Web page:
Typically envy and jealousy are used interchangeably, even though envy is characterized by wanting something someone else has, and jealousy is more focused on a fear of losing something or being left out. For this episode, we’re strictly talking about jealousy, because it’s often the thing that people have more of a hard time getting past.
One way of describing jealousy that often comes up in scientific papers is “an agitated and angry form of worry.”
The curvilineal model of jealousy looks at it as being most common in situations where there is a higher investment in conjunction with a higher uncertainty:
- At the beginning of a relationship, usually there is more uncertainty, but there is also less commitment, so jealousy likelihood is lower.
- In a long-term relationship where all parties are committed, the investment is much higher, but there is less uncertainty, so the likelihood of jealousy is lower as well.
- As investment is starting to ramp up a little while into a relationship, the uncertainty is there as well, and in turn jealousy is much more likely.
If we apply this model to opening a relationship, the investment is already there but all of a sudden a lot more is uncertain, which promotes the likelihood of jealousy. However, over time, more trust may develop and you may gain more certainty.
Emotion is separate from action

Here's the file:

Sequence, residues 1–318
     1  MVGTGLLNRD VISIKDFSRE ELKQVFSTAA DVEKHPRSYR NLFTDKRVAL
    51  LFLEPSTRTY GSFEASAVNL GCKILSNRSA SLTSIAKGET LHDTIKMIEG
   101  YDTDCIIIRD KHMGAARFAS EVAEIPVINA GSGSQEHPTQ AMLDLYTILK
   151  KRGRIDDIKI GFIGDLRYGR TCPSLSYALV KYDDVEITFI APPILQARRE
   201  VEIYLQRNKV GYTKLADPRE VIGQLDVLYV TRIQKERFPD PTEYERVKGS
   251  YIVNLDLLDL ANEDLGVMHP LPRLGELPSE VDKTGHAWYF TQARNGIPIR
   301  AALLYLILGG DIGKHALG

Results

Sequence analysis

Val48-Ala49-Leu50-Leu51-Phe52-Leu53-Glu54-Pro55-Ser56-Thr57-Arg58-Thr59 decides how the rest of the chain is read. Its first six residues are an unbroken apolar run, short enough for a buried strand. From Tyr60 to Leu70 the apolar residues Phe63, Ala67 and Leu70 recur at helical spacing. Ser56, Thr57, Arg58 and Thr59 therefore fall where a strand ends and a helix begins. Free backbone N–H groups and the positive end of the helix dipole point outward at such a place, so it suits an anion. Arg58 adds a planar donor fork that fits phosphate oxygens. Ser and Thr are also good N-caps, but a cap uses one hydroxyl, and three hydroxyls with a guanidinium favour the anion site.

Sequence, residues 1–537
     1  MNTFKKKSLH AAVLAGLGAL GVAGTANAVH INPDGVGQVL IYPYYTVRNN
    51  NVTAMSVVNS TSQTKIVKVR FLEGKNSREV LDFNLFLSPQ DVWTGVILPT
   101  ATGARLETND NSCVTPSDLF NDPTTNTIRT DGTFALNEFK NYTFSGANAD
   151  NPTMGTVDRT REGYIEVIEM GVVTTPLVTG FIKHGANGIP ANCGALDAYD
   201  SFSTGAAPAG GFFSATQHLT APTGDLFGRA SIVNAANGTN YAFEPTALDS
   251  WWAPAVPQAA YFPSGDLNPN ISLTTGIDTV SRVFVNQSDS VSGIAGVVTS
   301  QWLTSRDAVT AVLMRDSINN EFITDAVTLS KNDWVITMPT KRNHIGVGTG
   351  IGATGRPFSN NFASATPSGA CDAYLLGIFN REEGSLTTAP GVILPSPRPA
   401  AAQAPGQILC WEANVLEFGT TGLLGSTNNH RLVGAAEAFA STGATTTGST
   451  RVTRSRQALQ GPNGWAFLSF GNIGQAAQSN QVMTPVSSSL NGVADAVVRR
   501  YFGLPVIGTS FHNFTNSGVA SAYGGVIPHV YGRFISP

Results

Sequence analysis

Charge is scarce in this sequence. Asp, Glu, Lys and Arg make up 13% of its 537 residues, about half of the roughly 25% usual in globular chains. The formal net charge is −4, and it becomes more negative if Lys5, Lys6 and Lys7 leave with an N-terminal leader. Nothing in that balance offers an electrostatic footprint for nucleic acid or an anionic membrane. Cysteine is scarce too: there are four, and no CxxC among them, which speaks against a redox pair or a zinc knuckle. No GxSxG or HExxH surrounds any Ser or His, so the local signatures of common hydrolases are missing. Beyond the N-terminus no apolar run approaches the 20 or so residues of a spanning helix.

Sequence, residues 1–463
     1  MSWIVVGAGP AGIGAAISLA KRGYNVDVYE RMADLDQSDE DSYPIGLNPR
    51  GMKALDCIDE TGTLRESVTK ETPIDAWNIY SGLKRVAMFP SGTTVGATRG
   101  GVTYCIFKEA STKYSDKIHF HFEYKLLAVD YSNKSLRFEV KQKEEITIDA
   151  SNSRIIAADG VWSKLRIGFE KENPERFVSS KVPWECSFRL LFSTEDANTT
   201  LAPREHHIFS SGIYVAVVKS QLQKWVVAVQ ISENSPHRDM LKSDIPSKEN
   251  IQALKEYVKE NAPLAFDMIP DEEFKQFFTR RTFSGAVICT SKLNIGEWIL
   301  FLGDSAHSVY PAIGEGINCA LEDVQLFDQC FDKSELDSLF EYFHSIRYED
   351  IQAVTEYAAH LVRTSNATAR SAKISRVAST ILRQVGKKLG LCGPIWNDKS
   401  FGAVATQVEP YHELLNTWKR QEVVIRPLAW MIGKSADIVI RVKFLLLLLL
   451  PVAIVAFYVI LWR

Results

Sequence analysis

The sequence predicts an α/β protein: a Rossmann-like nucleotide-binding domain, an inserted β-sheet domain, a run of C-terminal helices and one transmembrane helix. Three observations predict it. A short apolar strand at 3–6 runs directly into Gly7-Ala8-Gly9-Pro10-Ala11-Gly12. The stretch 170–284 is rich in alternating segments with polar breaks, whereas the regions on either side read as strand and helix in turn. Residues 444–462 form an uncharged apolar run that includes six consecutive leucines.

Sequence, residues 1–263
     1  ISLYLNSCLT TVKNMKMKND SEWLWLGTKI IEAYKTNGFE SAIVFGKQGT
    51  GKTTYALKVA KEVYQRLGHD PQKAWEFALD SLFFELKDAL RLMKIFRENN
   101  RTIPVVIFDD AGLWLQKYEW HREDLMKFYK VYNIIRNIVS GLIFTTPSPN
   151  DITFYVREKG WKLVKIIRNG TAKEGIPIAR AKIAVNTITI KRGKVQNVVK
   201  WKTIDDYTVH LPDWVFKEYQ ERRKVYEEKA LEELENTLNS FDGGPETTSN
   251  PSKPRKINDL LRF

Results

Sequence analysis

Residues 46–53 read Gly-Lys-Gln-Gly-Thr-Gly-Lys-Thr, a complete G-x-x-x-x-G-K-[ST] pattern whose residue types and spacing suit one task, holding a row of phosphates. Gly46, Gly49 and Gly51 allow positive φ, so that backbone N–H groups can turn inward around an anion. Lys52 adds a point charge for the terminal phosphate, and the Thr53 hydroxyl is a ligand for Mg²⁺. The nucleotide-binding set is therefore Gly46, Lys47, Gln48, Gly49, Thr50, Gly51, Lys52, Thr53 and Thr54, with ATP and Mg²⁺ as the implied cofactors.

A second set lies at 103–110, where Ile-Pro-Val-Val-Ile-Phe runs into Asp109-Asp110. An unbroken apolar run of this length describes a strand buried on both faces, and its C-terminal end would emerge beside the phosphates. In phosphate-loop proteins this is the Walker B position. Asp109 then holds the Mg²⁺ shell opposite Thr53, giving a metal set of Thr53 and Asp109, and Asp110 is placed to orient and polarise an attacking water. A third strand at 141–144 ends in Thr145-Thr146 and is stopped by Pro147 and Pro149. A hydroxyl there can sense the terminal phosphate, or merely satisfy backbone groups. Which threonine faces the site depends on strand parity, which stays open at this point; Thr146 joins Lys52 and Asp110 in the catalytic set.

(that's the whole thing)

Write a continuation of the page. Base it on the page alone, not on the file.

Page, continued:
Jealousy is simply a universal human emotion, and de-pathologizing it is important. Several of the most touted ways to deal with jealousy are actually much more likely to increase suffering, leading to deeper and deeper problems.
Pillars of jealousy:
- Beliefs: Harmful beliefs about oneself or others, or too much belief in feelings being facts.
- Hypervigilance: Similar to jealousy, there’s a belief that letting one’s guard down will make it worse.
- Fear of uncertainty: The belief that one must “take action” or “find out what’s really going on” can result in degrading competitors, attacking one’s partner, surveillance, threats, or having one’s own infidelity.
- Veto power in a relationship.
- Putting down the other person.
- Communicate what reassurance you need.
- Meet your metamour.
- Booking more time or taking it away from others.
- Making rules to enforce a hierarchy.
- Planning actual quality time.
- Remembering that you might feel more competitive about something you don’t even want and giving yourself the opportunity to enjoy the fact you aren’t doing it.
- Check in about what it’s really about. Maybe you need more relaxation in your own life, not to take it from someone else.
- Demanding promises of always being number one.
- Forcing your partner to close the relationship.
- Wanting a partner to quit their job or stop seeing a friend.
- Acknowledging fear instead of denying it.
- Willingness to admit fears to your partner.
- Using your fear to cure yourself.
- Realizing which of these come from baggage in past relationships.
- Compassion and empathy for metamours.
Loss of control
- Implementing rules to limit your partner.
- Limiting information or keeping secrets from your partner.
- Going out of your way to give good things and comfort to someone else.
- Tapping into your other resources.
- Getting comfortable and saying what the fear is out loud repeatedly to allow its hold on you to dissipate.
Feeling jealous doesn’t mean you’re failing. It’s normal to feel, and it gives you a chance to figure out what you need in your life.